R [ R


1
[R2


(2-19)


h
+
R


2

ao
+ N)
80


(2-20)


+


Nh
R
(


-N) -L
ax


(2-21)


2
1 8 1
(E + G ) u + ( E
Ril v x0 axaoI 2 0


1 (E
R 2 0


a0
R2 T
Rl


+ Nho 1 +


S+ Nh ) G
x R ax




13

[D 2 D a2 Nh \ a2
x0 8a 0 8 1 o I R
R ax2 R3 a2 R R at


+ [Do Nh ( +
+ -+ G + +- w


1 2
+ [ (D + DxO)

D 2
S 2 D 2 Nh a
ax R 2 0 at
S + Go ( -R + 1 -I = 0 (2-22)


Equations (2-16), (2-17), and (2-18) express the principle of linear momen-

tum in the x, 0, and z directions, respectively, while Equations (2-21) and

(2-22) express the principle of angular momentum about an axis through the

middle surface in the direction of K0 and Kx, respectively.

These equations can be written in the form

C.. u. = q, C.. = C.. (2-23)
1ij J i 1J Ji
In matrix notation the set has the form


C11 C C13 C14 0 u 0

C C C 0 C v 0
12 22 23 0 C25 v
C13 C3 C33 C34 C35 w = q'(x, 0, t) (2-24)

C14 0 C34 C44 C5 4 5

0 C25 C35 C45 C55






where the coefficients are defined as follows:


a2
= (E + T)
ax


+ (G
R


Sa2 a2
+ N a -Poh
/ ao at


12


C
13


D 2
C x a
14 R x 2
ax


D 2

R3 ao2
R ao


= (Gx +T)
xO


2
2
ax


D
R2
R 2


1 E
23 R2


D
2
R


Sh 0
+G +N 1+_
0 R


a2 Do 22
a2 2
ax R a0


= -(G + T)
x


2
a
ax2


G Nh
0 o
+-+ R2


1
R2 (G0
R2 0


2
+N) a
802


I a2
R 2
R at2

1 (E
R


D h
+-Do + N-
R2 1R
R


a a2
+ t p h 2
aat2


( h\
G + N h

1 6
2 D0
HR RLe


a2
C = D
44 X x 2


1
C45 R (D


S a2
= D ax


+D ) a
x0 axa8


1 2
I (E + Gx ax
R v x0 axao


1 a
R (Ev -ax


Dx
2
R


2
I a
R at2


C22


2
2
ao


G a2

R -oth
R 0 at2


Dx0
R


C
25


C
33


C
34


C


a
x


hR


h
-N-
R


+ Nh (1
0


-G
x


a2
a02


a
J Q

a2
at-
at'


C
55


+ D82
R2 a2
R ao


h (
-2 1
R


-G, -N
0


h)
R


-4
at
at2


(2-25)


+ -R E


Dx0
+
R2






Axisymmetric Loading


Assuming the loading on the cylinder is axisymmetric, the set of Equations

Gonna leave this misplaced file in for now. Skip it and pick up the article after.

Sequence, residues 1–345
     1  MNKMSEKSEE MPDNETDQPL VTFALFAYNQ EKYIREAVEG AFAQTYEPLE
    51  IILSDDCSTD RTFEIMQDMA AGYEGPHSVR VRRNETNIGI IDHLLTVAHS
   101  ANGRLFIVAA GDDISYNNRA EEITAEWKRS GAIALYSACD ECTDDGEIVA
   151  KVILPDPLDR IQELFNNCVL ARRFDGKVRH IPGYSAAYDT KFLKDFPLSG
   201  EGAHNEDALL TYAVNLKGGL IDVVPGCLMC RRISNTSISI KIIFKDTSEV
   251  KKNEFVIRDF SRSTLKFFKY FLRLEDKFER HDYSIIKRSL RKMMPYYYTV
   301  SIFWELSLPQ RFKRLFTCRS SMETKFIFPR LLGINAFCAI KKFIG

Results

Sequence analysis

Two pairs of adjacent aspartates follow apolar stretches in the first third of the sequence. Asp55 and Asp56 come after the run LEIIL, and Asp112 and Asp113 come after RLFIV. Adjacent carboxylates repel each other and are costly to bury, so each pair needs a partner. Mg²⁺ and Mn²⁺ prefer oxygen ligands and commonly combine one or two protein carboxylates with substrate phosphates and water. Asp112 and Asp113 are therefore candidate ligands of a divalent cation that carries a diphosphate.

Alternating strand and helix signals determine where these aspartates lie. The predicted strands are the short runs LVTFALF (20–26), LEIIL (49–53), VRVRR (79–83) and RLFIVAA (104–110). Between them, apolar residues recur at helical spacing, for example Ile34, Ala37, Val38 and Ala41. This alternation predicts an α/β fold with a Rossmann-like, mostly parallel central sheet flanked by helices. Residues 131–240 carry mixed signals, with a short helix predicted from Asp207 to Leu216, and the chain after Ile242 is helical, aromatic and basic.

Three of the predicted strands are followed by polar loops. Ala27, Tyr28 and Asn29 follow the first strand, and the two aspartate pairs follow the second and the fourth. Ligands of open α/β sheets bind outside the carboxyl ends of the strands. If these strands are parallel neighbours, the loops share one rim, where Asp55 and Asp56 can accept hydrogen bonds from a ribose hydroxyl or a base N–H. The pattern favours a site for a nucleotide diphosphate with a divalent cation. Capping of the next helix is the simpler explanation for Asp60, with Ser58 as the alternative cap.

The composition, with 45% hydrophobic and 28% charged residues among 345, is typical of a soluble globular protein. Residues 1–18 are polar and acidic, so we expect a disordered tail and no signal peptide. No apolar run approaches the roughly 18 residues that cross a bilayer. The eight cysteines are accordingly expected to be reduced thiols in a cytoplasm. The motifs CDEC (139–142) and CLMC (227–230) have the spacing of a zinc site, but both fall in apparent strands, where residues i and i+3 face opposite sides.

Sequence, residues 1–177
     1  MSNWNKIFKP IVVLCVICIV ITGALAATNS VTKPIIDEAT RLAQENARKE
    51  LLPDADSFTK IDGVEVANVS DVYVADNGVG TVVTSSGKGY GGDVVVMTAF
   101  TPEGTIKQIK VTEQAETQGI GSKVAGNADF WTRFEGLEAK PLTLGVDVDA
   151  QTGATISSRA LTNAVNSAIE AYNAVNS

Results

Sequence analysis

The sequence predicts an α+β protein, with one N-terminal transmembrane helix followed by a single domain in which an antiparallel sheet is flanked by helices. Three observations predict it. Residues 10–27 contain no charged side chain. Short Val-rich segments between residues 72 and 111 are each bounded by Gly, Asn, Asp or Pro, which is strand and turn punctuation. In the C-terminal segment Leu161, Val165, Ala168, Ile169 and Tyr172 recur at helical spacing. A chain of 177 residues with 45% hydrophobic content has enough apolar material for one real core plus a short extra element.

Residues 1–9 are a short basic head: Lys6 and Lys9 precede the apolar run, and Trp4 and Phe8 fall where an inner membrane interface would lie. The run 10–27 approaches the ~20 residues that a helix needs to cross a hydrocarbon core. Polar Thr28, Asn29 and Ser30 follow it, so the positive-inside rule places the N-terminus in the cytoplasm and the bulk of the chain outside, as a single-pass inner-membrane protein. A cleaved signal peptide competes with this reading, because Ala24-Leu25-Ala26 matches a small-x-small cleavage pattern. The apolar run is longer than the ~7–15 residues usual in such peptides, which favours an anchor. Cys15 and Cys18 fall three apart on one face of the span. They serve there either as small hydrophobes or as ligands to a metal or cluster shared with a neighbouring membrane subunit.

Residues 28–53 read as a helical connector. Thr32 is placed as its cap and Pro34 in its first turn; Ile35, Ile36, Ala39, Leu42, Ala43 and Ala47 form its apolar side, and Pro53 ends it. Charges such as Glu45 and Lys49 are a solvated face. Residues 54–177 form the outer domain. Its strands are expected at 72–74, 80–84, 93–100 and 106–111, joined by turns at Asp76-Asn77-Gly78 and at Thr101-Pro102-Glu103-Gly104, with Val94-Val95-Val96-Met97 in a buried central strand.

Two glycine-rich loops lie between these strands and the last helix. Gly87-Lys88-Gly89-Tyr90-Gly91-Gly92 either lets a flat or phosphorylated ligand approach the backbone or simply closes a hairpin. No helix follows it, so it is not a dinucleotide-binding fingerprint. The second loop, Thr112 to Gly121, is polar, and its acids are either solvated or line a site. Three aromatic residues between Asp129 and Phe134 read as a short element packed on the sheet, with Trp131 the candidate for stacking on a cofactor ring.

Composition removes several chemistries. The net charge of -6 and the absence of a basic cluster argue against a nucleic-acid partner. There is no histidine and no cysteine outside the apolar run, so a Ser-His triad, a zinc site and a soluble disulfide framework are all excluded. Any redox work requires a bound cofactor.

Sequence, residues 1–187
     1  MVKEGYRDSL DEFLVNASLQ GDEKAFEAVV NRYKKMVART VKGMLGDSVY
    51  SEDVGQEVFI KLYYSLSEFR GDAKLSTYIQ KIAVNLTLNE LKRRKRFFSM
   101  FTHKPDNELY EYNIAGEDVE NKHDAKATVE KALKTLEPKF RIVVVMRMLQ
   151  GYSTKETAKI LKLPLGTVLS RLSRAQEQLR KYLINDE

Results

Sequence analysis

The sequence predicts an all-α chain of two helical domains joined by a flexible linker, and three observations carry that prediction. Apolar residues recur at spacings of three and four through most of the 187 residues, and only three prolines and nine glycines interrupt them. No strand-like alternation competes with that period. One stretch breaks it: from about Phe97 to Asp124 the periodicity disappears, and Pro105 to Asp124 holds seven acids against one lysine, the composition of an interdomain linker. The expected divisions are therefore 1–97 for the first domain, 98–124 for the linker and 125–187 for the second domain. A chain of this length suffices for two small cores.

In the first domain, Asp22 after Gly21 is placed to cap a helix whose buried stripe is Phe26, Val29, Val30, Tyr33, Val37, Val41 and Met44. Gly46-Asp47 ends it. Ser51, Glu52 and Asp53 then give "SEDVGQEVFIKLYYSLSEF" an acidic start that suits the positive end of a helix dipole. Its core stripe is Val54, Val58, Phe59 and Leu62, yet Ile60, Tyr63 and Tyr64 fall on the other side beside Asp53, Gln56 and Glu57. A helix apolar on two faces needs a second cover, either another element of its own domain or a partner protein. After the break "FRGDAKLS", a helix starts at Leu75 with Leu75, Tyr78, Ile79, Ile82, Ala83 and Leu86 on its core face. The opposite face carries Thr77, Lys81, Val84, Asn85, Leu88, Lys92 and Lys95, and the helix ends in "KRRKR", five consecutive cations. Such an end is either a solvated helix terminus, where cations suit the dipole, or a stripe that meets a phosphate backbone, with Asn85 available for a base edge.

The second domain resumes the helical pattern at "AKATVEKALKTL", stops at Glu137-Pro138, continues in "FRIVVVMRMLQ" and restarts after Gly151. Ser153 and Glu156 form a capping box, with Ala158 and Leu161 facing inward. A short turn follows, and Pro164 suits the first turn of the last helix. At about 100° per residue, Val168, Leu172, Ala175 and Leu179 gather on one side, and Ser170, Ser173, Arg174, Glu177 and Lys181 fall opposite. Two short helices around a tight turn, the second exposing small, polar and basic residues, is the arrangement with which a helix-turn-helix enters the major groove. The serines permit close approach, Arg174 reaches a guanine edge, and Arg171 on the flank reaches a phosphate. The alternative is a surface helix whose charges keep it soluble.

(2-24) reduces to the following.


(E + T) p h
XR2 2 0









1a I 2u
-(E -N) -oh
ax x


+ (E + D- + N


Dx a2 u I 82 u
R ax2 R at2


Gx+ + N =
S hR


S+ (E N) -- + I = 0
at2 R ( ax R ax2 R at2

2 2
w aw 8 w
+T) a2 + ph
ax2 at o at2


w- + N ) = q'(x, t)
R x R x


+ N o aw +D a2 i 2
Sx R x ax 2 at2
/ Ox at


0


Pressure Loading Form


A step input in external pressure which is finite in both magnitude and time

and which travels down the length of the cylinder at constant velocity V can be

represented in the form

q'(x, t) = q{H[Vt x] H[V(t t ) x]} (2-27)

where H(y) is the Heaviside step function, defined as

0, y < 0
H(y) = (2-28)
1, y>0


(2-26)




16

This pressure loading is represented schematically in Figure 2.2.


q --- V




R 0


0 x

Figure 2.2. Pressure Loading


Nondimensional Equations


The steady state solution will be investigated. Making the transformation

a = x Vt (2-29)

the partial derivatives may be written in terms of a.


ax a8x aa

a a a
=-V-
at aa at aa


S= 2 (2-30)
at a82

Using these relationships in Equations (2-26), letting

u
U-U
R

w
W -(
R

a R (2-31)






multiplying by R/Ex in the first two equations and 1/Ex in the third gives


T dU
+ d2U
x d/ 2


IV2
E R2
x


Oh V
E
x


dU
d02


E
+
E
S


D
+ x
2
RE
x


2
dp_
d62


d 2 = 0
do2


E V N dU
EEx dx d



+ + --
E R2
x


+ E
x /


d2W
d 02


_VR dW
E d
x


oh V2
E
x


d W
dp2


+ h )
N
ER
x


[H(-R)) H(-Rp Vt )]
0


V2I d2U
R2 E d 2
x


N h\o dW
E R d


IV2 d2
E R2 dq2
x


Gx
E
x


N ho =0
+ Ex
ER
x


/G
x
E
Sx


N h
+E -
E R
x


= q
E
x


dU
d (2


D
x
R2 E
x


D
+ x
R2 E
x


d22
d02


(2-32)


N ) dW
SE x d







Now the

T
E
x

N
x

E
E
x

E
E
x


h
0
R


18

following dimensionless ratios are defined.


= F



-P



= o


G E D
-x E 0 -
E G, E -
1' Ex o Ex ER
Ex x R
(1 +


= r
o


vYp R
2 O R
E
x

Po h
P R
o


I
I R
p R3
o


h3
12R3 P
12R3 p
o,


h3

12R3


2 = (2-33)
E p
x o

The dimensionless velocity parameter is denoted by X and r refers to

the inertia. A distinction will be made in the axial and radial inertia terms for

later investigation, r denoting axial and r denoting the radial inertia terms.


D
x
= D
R2 E
x






Using the dimensionless ratios given in Equations (2-33), the equations of motion

now take the form


(1 + F r ) + (E P) + (D I 2)
1 d$ (P2 1 d 1 0o


dU
(E ) -
1 d


2
d2
d (P 2


= 0 (2-34a)


(G+r2) d2 V dWV
(G+ F -rA ) d X + (E +Pr )W
d2 d4 o o0


- (G + P ro d -qo[H(-R) H(-R Vto)]


(D -I x2) d (G+P
1 0 dP2


.ddw


- (G+P r0) = 0


(2-34b)


(2-34c)











CHAPTER III

TRANSFORMATION OF EQUATIONS

Equations (2-34) will be transformed using the Fourier transform